By Jim Heffernan
I was thinking about how I might articulate my personal moral and political philosophy in another way and, after a bit, this description jumped out.
Both of my parents were 12 years old when the Stock Market crashed in 1929 and ushered in the “Great Depression.” Both of their fathers died when they were 16. Both were Catholic. They both venerated Jesus, Mary, and FDR (Franklin D. Roosevelt.)
I may have rejected their theology, but their morality is my guidepost. I may occasionally stray, but I always regret it. The central tenet of their morality boils down to “Love thy neighbor as thyself.”
My cathedral is Buckminster Fuller’s “Spaceship Earth.” This planet we live on is a marvelous vehicle hurtling through space, originating from an unknown past and bound for an unknown destination. We are the crew and our mission is to take care of one another and our spaceship until we reach our destination.
I think too many crewmembers are thinking only of themselves. I think our mission is in peril.
I’m always struck how thousands of indigenous people, who were here long before we “discovered” America, managed to live on this land for thousands of years without damaging the spaceship.
When we Europeans arrived, we brought to this continent strange and new diseases and the concept of “private property”. In barely 400 years, we have despoiled vast areas in our corner of the planet. It’s an open question whether our spaceship will support a human crew for as long as another millennia. We could be in a period of “Great Extinction” ** and unaware of it because our greed makes it convenient not to know.
The core of my politics remain the politics of FDR. He famously encapsulated his beliefs in 1940 with his “Four Freedoms”* and in 1944 in his “Second Bill of Rights*.” Roosevelt proposed these wonderful concepts not just for us in America, but for the entire world.
I think a great deal of what ails us today is the we ignore the values of FDR and have replaced them with Milton Friedman’s “There is one and only one social responsibility of business—to use its resources and engage in activities designed to increase its profits” and Ronald Reagan’s “In this present crisis, government is not the solution to our problem; government is the problem.”.”
If I could magically be granted one wish it would be for our nation to repudiate the words of Friedman and Reagan and re-embrace the moral clarity of FDR.
Sadly, Americans of the “red” and “blue” persuasion have let these rights be weakened and ignored for the sake of winning elections and higher profits. Some even deny them as rights and instead characterize them as “privileges”
These rights are essential if we are to be a great country for all of us.
*I particularly like this link because it also has 4 Norman Rockwell cover illustrations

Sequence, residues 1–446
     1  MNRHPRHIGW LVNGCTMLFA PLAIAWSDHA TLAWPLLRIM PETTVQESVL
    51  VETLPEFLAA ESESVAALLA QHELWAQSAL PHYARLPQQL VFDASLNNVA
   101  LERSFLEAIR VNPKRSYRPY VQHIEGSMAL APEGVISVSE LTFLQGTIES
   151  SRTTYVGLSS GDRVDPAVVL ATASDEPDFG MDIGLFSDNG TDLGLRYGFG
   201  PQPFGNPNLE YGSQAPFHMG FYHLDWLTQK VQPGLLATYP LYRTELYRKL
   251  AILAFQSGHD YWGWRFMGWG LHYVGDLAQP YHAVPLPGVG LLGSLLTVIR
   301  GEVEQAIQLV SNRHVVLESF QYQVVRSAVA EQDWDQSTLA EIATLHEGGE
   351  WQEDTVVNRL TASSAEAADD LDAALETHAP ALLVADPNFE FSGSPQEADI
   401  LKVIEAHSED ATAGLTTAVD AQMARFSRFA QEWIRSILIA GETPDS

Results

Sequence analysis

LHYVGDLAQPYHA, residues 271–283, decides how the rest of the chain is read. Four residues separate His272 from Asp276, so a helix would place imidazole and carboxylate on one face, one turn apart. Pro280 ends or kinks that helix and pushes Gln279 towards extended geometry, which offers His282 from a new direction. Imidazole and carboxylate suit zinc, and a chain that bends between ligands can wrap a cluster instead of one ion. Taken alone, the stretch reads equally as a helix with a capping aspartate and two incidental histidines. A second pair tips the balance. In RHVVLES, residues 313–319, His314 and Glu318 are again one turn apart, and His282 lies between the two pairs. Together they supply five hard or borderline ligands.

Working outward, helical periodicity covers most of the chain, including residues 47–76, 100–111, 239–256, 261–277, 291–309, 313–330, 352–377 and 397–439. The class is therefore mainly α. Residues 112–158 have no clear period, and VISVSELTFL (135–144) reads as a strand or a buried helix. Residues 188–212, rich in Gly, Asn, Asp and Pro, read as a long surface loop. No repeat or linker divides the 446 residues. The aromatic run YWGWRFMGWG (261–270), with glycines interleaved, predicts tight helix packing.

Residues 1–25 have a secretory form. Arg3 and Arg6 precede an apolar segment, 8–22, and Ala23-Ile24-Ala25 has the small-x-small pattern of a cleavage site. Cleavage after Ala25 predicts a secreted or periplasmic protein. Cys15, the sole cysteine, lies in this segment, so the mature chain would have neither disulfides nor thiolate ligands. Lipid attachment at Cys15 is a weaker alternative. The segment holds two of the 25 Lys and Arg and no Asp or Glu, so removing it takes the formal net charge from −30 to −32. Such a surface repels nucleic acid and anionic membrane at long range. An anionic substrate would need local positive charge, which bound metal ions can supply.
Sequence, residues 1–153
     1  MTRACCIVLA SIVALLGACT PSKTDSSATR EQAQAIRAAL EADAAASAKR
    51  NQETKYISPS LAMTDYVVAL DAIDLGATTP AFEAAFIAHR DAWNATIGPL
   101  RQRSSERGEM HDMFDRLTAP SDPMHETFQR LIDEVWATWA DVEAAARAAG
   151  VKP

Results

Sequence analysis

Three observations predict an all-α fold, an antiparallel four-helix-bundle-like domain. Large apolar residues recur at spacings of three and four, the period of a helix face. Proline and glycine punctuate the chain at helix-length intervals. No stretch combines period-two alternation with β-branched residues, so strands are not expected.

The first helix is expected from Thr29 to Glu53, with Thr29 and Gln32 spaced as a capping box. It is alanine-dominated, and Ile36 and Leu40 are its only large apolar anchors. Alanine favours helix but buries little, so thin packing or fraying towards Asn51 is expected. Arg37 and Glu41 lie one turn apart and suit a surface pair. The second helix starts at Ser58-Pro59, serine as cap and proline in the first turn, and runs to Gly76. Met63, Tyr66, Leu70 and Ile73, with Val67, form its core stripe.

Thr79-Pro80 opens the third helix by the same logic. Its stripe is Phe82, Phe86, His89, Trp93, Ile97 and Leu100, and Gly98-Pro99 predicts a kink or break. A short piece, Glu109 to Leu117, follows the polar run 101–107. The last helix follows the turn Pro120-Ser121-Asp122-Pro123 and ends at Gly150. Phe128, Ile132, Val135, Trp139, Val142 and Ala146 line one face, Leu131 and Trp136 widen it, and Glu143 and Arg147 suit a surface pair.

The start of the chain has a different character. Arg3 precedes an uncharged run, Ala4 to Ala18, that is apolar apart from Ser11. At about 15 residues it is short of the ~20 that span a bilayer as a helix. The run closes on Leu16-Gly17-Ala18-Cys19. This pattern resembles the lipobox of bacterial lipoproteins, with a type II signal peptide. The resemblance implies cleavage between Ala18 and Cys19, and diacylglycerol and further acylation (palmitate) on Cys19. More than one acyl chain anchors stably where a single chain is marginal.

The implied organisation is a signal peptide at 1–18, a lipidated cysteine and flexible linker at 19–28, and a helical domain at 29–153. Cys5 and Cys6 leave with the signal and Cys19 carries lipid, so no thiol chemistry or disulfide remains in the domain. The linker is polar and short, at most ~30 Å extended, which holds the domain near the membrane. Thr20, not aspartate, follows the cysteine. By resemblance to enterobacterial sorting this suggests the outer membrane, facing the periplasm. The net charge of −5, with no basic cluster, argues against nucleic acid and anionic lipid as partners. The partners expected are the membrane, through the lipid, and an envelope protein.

*This link is particularly poignant for the video clip of FDR seated before a microphone giving the 1944 State of the Union as a radio address. He was a very sick man and would die 4 months later.
Second Bill of Rights
(excerpted from 1944 State of the Union message)
“We have come to a clear realization of the fact that true individual freedom cannot exist without economic security and independence. Necessitous men are not free men. People who are hungry and out of a job are the stuff of which dictatorships are made.
In our day these economic truths have become accepted as self-evident. We have accepted, so to speak, a second Bill of Rights under which a new basis of security and prosperity can be established for all—regardless of station, race, or creed.”
Among these are:
- The right to a useful and remunerative job in the industries or shops or farms or mines of the nation;
- The right to earn enough to provide adequate food and clothing and recreation;
- The right of every farmer to raise and sell his products at a return which will give him and his family a decent living;
- The right of every businessman, large and small, to trade in an atmosphere of freedom from unfair competition and domination by monopolies at home or abroad;
- The right of every family to a decent home;
- The right to adequate medical care and the opportunity to achieve and enjoy good health;
- The right to adequate protection from the economic fears of old age, sickness, accident, and unemployment;
- The right to a good education.
All of these rights spell security. And after this war is won we must be prepared to move forward, in the implementation of these rights, to new goals of human happiness and well-being.
America’s own rightful place in the world depends in large part upon how fully these and similar rights have been carried into practice for all our citizens. For unless there is security here at home there cannot be lasting peace in the world.”
** “Great Extinction” is a geological term for the five periods in the last 440 million years when 70-95% of species died out.